On Liberty | Study Guide

John Stuart Mill

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On Liberty | Summary



On Liberty argues that society should be founded on the principle of providing the maximum scope of individual freedom for its peoples, and it seeks to define the proper set of limitations for freedom, ultimately finding that there should be very few restrictions except for when a person's exercise of liberty does harm to others. Mill defines freedom in contrast to two types of social organization, authoritarian states and what he calls the "tyranny of the majority," the notion that in modern democracies majority rule could produce a social order inimical to individual freedom.

From this general principle provided in the introduction the book develops in four chapters. The first seeks to demonstrate how there is virtually no proper restriction to free speech and free thought. In a lengthy discussion Mill finds that on three grounds free thought should be allowed to proceed in public discourse. Mill pairs the expression of free thought as challenges to established wisdom and argues that critiques are often true and their expression therefore benefits society. Even if the new idea presented is not fully true, it may contain elements of truth or be partially true, in which case it is only through debate and discourse with the offending idea that a greater truth may be obtained. And lastly, even if the new idea is completely in error, it is only through "vigorous and earnest" contestation that established wisdom remains fresh and vital. Without intellectual contestations even the soundest truths become mere "prejudice" or "dogma" and lose their original meaning.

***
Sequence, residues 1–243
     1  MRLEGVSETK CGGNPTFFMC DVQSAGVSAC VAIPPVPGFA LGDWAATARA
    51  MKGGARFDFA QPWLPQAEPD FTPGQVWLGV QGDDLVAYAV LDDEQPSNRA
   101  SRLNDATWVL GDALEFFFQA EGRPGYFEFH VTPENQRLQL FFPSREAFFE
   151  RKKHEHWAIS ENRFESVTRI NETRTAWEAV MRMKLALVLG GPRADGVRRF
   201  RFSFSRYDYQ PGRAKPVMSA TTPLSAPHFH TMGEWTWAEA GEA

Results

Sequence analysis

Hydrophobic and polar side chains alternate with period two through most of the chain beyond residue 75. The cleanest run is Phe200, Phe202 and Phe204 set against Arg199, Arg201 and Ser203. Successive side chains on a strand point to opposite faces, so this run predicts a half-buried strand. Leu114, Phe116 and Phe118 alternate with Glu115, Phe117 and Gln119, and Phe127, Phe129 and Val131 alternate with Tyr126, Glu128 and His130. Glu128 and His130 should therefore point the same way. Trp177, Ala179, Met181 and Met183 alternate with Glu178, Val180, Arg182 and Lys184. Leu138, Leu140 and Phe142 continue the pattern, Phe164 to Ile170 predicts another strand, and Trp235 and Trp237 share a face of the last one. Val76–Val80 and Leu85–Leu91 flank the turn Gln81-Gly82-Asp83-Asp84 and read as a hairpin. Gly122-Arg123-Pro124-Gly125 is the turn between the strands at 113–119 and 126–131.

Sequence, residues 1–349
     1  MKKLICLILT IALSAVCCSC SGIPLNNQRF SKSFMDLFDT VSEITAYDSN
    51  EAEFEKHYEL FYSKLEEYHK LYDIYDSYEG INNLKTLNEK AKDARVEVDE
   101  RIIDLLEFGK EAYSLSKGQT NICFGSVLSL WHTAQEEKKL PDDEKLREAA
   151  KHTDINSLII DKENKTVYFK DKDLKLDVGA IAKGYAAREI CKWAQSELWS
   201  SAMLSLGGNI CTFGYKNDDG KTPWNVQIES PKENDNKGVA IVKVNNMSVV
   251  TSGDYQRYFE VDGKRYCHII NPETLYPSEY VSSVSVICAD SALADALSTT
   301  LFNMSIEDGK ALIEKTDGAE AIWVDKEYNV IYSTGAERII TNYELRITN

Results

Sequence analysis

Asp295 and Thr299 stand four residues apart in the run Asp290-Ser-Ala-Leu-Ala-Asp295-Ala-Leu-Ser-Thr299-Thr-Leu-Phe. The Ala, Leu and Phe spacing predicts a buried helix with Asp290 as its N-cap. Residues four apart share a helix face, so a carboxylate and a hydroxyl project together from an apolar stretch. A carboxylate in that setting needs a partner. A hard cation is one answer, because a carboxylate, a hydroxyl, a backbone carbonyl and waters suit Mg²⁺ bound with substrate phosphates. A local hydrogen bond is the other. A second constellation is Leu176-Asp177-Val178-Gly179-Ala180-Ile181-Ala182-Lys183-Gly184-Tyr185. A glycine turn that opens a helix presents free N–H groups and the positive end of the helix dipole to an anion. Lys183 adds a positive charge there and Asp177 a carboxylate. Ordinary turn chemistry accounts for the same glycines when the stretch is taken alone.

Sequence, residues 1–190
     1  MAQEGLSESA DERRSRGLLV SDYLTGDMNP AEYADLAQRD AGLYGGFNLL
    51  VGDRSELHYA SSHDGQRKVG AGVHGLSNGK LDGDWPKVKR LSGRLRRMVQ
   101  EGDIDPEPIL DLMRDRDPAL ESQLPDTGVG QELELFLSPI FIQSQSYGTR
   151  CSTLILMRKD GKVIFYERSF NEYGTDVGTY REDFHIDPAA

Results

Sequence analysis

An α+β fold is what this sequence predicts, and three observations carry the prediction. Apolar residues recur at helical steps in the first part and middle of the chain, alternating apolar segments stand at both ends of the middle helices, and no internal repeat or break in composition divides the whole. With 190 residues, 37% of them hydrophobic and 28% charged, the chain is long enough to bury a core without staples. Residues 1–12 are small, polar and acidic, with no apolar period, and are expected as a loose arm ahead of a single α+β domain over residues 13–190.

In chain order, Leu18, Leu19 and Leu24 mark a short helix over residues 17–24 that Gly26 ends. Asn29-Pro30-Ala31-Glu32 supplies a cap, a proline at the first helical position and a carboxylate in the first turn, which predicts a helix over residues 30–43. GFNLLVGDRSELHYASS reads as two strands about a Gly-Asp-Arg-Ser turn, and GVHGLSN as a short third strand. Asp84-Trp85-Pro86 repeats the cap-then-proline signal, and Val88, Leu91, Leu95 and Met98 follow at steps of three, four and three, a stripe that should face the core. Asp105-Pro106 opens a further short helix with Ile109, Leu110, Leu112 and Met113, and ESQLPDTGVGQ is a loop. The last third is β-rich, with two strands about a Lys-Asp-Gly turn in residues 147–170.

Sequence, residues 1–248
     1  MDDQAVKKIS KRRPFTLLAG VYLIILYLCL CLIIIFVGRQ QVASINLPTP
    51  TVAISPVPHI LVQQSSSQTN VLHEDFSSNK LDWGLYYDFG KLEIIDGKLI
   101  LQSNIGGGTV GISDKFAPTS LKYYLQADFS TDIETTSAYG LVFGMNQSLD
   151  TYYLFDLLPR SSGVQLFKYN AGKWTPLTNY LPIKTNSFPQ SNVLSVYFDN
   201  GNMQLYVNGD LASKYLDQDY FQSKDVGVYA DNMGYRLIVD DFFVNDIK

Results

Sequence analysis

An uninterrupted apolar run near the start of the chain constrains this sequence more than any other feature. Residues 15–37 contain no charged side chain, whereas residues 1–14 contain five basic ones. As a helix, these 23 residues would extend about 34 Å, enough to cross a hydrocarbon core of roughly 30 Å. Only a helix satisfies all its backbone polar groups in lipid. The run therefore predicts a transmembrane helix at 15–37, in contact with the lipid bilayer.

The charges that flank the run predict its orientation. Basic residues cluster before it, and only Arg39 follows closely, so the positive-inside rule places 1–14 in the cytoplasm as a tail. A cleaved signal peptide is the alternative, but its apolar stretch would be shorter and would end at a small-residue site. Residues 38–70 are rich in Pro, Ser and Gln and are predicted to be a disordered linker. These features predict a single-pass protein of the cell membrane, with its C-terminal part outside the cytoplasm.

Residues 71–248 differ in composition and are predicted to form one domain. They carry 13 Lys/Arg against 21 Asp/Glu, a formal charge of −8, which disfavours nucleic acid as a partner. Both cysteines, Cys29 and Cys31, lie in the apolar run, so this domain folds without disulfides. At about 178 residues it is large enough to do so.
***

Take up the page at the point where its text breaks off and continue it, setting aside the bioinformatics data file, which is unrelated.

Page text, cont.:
Having defended free speech of all types in this way, Mill goes on to extrapolate from his single example of freedom of thought the freedom of being—of free individuality as a fundamental "element of well-being." Free individuality is a necessary precondition for higher orders of happiness; additionally, it is the foundation of genius, and individual fruition cannot be achieved in conditions of stifling conformity. Instead, individual human diversity is akin to diversity of thought and opinion, in which benefits of individual fulfillment benefit society at large.

Given this expansive definition of freedom, what are the proper limits to place on individual liberty? Again, Mill finds there should be very little. If a person's activities are confined to themselves, there should be no limit whatsoever. Only if the scope of activity harms others may proper restrictions be placed, and in that instance the justification for the restrictions or punishment falls on the cause of harm, rather than the moral or ethical character of the actions.

Mill concludes his work by restating the principles outlined above, and looking for practical applications for them. He considers functions of the economy, of divorce, of suicide, or other socially harmful acts. In this section Mill is much more circumspect, arguing that there are no clear and universal codes that apply. Instead he reiterates his general argument that actions that primarily impact the individual, even when harmful to themselves, should not be limited.

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